Word Of The Month: The Personal is Political

In July, we decided to go with a phrase, the personal is political, rather than a word. Enjoy reading!

We have all probably heard this phrase at some point during our readings, discussions and discourses about women’s rights.

As the blog Feminism 101 clarifies, the phrase ‘the personal is political’ does not mean that everything a woman does is political or that all her personal choices are political choices. In feminist terms, the ‘personal is political’ refers to the theory that personal problems are political problems, which basically means that many of the personal problems women experience in their lives are not their fault, but are the result of systematic oppression.

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Carol Hanisch is credited for having coined this phrase in her 1969 essay written as a response to the argument that consciousness raising was just “therapy.”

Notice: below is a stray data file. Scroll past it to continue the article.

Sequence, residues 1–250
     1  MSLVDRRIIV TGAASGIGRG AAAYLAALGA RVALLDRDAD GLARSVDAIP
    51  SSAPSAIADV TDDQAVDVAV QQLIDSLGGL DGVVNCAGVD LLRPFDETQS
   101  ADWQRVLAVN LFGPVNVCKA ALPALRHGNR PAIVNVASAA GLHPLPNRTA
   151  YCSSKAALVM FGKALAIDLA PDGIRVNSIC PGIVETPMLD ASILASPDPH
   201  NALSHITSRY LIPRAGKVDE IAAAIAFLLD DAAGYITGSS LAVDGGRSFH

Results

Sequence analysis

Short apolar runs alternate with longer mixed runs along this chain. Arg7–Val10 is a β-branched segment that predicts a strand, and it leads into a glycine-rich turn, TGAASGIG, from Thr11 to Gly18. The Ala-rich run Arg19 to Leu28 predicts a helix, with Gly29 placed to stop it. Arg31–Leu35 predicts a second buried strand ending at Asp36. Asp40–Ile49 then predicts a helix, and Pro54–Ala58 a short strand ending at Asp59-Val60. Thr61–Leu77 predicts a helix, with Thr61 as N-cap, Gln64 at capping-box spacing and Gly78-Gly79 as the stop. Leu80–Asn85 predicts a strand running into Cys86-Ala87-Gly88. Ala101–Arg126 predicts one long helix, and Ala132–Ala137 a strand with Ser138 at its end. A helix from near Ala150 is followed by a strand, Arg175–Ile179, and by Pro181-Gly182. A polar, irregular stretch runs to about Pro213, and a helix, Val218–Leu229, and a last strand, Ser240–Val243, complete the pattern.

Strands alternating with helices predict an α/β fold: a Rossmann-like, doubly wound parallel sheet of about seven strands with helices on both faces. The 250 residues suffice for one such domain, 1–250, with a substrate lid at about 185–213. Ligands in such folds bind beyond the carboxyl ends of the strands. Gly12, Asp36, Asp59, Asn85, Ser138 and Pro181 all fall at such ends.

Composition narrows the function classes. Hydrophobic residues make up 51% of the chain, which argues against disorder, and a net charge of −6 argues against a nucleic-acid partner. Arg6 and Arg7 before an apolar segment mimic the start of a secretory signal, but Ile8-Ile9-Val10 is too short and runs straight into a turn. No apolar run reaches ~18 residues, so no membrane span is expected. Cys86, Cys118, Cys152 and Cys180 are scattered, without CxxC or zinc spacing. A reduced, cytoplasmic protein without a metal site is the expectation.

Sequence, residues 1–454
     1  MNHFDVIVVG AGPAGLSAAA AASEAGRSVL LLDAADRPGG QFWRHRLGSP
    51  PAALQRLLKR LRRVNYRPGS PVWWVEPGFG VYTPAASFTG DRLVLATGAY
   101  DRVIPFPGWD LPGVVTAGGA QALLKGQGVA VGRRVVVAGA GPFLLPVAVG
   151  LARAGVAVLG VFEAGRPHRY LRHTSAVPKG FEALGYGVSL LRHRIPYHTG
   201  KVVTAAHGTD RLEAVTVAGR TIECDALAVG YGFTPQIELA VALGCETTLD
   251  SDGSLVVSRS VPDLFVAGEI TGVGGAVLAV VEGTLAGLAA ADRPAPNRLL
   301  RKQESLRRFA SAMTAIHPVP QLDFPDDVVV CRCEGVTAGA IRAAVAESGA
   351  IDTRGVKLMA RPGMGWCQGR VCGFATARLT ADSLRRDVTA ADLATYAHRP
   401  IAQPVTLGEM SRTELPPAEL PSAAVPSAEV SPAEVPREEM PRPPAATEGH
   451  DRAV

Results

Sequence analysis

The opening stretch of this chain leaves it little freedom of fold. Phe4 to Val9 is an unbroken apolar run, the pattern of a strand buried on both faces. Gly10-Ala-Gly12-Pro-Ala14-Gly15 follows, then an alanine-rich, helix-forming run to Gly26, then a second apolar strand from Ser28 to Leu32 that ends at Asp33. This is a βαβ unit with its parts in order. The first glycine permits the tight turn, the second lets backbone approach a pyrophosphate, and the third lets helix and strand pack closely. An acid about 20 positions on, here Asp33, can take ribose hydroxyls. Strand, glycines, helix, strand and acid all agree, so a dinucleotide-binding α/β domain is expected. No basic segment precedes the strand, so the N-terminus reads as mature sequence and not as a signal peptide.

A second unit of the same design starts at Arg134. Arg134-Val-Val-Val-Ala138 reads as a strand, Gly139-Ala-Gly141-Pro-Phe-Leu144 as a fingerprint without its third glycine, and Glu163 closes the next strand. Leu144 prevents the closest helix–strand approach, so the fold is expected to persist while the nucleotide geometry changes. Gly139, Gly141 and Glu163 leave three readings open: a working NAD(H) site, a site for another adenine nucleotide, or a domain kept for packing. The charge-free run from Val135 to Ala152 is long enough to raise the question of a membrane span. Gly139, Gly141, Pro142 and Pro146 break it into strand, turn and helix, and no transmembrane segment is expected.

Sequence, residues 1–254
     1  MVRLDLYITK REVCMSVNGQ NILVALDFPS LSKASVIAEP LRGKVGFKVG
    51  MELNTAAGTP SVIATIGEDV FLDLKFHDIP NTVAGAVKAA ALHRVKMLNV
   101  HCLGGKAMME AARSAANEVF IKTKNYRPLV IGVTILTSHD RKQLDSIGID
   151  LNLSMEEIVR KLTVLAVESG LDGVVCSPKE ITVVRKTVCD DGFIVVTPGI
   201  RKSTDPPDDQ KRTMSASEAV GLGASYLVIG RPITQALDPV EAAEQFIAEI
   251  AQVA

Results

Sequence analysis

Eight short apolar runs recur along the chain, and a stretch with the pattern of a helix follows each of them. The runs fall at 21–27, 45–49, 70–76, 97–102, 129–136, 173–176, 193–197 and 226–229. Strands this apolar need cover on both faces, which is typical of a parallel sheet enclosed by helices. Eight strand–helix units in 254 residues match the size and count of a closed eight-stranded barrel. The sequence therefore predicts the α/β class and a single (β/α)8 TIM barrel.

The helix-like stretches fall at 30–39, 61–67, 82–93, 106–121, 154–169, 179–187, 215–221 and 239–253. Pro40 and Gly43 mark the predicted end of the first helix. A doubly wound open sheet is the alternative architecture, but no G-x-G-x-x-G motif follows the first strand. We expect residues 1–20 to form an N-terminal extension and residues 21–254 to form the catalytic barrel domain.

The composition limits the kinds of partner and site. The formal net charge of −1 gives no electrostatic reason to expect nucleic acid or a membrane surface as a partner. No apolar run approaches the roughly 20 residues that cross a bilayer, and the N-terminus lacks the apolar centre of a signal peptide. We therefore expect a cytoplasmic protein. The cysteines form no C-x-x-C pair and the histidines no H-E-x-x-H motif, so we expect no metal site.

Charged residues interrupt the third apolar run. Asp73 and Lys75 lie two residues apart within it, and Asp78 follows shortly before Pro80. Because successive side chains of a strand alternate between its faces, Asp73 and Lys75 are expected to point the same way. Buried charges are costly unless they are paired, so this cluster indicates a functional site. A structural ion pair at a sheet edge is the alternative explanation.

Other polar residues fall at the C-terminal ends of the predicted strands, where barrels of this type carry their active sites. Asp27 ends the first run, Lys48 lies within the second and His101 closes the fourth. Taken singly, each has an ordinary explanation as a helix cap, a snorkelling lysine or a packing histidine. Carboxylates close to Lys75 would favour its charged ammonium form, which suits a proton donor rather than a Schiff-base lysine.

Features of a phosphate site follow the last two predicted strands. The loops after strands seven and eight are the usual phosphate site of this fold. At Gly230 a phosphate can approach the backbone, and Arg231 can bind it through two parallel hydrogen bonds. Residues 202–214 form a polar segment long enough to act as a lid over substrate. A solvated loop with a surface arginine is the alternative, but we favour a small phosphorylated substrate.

“Consciousness raising” refers to the early women’s liberation movement activity of women getting together in groups to discuss their own oppression. In her 2006 introduction to the essay Hanisch writes, “they belittled us no end for trying to bring our so-called “personal problems” into the political arena.”

According to the blog Feminism 101, “the theory that women are not to blame for their bad situations is crucial here because women have always been told that they are unhappy or faring badly in life because they are stupid, weak, mad, hysterical, having a period, pregnant, frigid, over-sexed, asking for it etc. The personal is political proposes that women are in bad situations because they experience gendered oppression and massive structural inequalities.”